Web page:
How a Trending Netflix Rom-Com Teaches Us About Culture

To All the Boys I’ve Loved Before? Noah Centineo?  Whether you’ve joined in on this ultimate movie frenzy or have been on Facebook, Instagram, or Twitter— basically any form of social media in the last month— those words probably ring a bell.  Teenagers all across the world are fangirling (or fanboying) over the movie To All the Boys I’ve Loved Before, the current Netflix sensation.  Most people probably watched the movie for a two hour escape from reality into a world of romance and relatable high school experiences.  And you probably finished the movie thinking one of two things. One: “Wow… Noah Centineo is really hot.” Or two: “I wish I had some love in my life.”  But these movies envelope ideas that are more valuable than just teenage love.  

“To All the Boys I’ve Loved Before” features a Korean-American family of a single father raising his three daughters.  Lara Jean, the main character, writes love letters to her crushes and keeps them hidden in a box. When her younger sister, Kitty, sends the letters out to their respective recipients, Laura Jean finds herself “fake-dating” a boy, Peter Kavinsky.  The movie unravels the details of how her fake relationship with Peter Kavinsky led to her finding her true love.

Everyone who watched the movie was absorbed in Lara Jean and Peter Kavinsky’s suspenseful and heart-fluttering romance.  But I’m sure the Korean-American audience noticed something more throughout the film. Even the cast gives heavy emphasis on Asian-American actors in an otherwise White-dominated movie market.  Personally, I feel represented and proud whenever a Korean-American family is featured in a US movie or TV show because I can relate to their daily struggles so well.

Laura Jean’s father struggles to follow the Korean food recipe that their mother left behind when she passed away.  In the midst of constant meals of In-N-Out, Italian food, and Chinese takeout, the father wanted his two girls to enjoy a nice home-cooked Korean meal, a way to find your true culture despite being surrounded in people of different nationalities.  

The most famous reference to Korean culture can be seen when Peter Kavinsky is introduced to a “Korean yogurt smoothie”, known as Yakult (야쿠르트).

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  After taking a sip, Peter Kavinsky actually loved it, being pleasantly surprised at the unique taste.  Since I know many Korean-Americans who grew up in the United States being surrounded with friends who were unfamiliar with the snacks they brought to school and hesitant to try them because they were “Korean”, this scene was a new and pleasant welcome for me.  

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A while into the movie, Peter Kavinsky makes a romantic move of driving all the way across town to the Korean market to buy the yogurt smoothie Laura Jean’s family loves so much.  After the film’s release, stores in the United States have been selling out of these Yakult drinks. My Korean friends living in the US have been telling me that since the movie had gained popularity, their non-Korean friends are finally trying those drinks. The teenage Korean-American Twitter community especially blew up after this movie, posting about how this movie has sensationalized their favorite childhood drink.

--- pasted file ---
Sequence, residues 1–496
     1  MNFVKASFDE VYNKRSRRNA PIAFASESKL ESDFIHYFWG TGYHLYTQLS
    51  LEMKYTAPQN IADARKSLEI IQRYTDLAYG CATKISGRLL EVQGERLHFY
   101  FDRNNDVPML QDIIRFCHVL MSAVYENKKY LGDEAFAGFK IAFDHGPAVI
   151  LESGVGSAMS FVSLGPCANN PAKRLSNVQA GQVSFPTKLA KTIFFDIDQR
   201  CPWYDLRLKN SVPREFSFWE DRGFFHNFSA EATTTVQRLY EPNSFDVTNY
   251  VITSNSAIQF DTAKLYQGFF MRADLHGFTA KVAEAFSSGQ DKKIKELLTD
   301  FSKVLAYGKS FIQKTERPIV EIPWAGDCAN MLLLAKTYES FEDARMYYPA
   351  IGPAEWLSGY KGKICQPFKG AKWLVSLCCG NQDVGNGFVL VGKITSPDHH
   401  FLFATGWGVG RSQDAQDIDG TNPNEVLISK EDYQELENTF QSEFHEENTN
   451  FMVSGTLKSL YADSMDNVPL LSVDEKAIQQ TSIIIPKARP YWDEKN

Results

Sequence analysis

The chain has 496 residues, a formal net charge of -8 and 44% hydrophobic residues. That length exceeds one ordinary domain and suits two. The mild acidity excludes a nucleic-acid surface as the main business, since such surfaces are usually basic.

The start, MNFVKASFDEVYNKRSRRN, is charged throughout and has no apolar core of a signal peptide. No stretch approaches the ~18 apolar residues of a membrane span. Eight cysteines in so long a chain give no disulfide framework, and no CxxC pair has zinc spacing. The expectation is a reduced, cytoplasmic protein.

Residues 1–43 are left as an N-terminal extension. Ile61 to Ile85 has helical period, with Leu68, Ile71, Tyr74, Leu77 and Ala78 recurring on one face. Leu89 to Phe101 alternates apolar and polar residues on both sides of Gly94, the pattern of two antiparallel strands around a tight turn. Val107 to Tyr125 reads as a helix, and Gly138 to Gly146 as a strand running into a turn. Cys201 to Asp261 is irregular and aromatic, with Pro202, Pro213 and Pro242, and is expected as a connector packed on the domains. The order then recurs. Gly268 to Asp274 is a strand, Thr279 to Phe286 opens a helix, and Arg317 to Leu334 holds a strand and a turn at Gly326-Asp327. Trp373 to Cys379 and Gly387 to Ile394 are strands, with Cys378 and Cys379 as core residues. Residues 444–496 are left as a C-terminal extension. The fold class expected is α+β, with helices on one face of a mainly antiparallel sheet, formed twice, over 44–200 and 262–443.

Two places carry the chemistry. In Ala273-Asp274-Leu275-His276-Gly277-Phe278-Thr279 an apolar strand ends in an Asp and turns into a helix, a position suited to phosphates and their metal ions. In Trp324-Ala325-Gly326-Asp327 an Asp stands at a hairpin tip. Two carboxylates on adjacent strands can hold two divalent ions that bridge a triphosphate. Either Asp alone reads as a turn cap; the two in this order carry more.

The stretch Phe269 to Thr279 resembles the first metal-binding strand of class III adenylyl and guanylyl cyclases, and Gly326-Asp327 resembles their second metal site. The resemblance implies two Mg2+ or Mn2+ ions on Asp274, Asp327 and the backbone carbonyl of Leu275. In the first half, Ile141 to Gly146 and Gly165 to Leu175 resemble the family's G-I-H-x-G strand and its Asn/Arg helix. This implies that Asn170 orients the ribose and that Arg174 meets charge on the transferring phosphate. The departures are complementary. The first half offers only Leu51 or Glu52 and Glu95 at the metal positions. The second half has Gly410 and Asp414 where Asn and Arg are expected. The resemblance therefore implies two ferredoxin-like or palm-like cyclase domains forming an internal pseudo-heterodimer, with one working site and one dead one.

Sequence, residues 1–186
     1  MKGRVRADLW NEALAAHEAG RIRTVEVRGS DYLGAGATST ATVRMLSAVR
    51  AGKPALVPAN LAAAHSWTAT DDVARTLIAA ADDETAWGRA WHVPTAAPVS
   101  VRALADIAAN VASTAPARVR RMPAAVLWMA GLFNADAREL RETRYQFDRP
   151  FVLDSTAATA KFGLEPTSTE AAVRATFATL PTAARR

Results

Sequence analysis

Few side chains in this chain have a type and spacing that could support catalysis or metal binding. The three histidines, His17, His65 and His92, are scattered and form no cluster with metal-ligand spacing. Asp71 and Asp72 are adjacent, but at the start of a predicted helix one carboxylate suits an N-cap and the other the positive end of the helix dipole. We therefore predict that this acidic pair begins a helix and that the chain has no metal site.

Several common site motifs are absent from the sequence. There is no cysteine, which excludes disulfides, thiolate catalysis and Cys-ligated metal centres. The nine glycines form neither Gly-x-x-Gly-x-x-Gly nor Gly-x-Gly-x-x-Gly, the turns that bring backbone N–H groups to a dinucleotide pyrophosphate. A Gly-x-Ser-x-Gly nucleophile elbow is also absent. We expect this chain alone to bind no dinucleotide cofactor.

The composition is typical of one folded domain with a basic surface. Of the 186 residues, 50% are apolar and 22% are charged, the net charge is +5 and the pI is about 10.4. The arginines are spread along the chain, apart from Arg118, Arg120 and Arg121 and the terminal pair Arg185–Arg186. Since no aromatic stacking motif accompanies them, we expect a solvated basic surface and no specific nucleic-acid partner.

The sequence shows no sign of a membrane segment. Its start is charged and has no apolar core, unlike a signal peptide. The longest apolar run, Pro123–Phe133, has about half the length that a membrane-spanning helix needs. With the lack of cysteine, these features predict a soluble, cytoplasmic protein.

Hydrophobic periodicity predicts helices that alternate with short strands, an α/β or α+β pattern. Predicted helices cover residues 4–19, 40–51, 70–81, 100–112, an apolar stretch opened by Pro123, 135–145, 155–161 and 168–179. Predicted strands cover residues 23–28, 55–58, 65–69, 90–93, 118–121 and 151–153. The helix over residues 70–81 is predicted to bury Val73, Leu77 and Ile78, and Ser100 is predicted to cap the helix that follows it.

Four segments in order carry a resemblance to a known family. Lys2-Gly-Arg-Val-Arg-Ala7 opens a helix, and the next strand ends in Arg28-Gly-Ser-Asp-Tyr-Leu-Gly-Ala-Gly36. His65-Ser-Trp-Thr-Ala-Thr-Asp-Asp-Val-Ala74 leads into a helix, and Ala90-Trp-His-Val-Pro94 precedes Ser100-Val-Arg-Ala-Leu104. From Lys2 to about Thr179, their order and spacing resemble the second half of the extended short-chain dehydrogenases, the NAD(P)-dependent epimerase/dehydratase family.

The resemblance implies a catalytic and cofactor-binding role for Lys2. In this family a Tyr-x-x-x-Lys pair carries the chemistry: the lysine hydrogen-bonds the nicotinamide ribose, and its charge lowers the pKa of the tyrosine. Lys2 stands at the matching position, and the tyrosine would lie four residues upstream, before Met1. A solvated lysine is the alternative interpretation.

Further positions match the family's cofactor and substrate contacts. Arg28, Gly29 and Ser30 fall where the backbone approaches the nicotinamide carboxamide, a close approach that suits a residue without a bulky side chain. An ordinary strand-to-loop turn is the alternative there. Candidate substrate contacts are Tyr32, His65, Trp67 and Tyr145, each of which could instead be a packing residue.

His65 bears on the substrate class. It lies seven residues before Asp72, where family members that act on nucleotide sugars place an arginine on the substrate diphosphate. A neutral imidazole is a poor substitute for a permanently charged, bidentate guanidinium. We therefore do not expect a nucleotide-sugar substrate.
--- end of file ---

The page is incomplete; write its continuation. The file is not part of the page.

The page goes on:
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It’s personally great to see so many new people trying and enjoying one of my all-time favorites as it feels like Korean culture is being shared across the United States.  This movie depicts the realness of Korean lives and emotions, showing the international audience that we are essentially the same people as them. Yes, we have our Korean quirks, and yes, we are unique in our own ways.  But this film sheds light upon the fact that Korean-Americans aren’t just tiger-parents and super good at math, but rather that we are more than just the typical Asian stereotype.

Granted, Yakult becoming widespread and enjoyed doesn’t really seem like much.  But it’s a way for other cultures to learn about ours and experience it for themselves.  I’m certainly happy when Korean-American families or characters become new hits in the United States, as it means our culture and our lives are being appreciated.  It’s not a large step in eradicating all Korean stereotypes or the division between races, but it is certainly a step in the right direction.

– Michelle Shin (’20)

 

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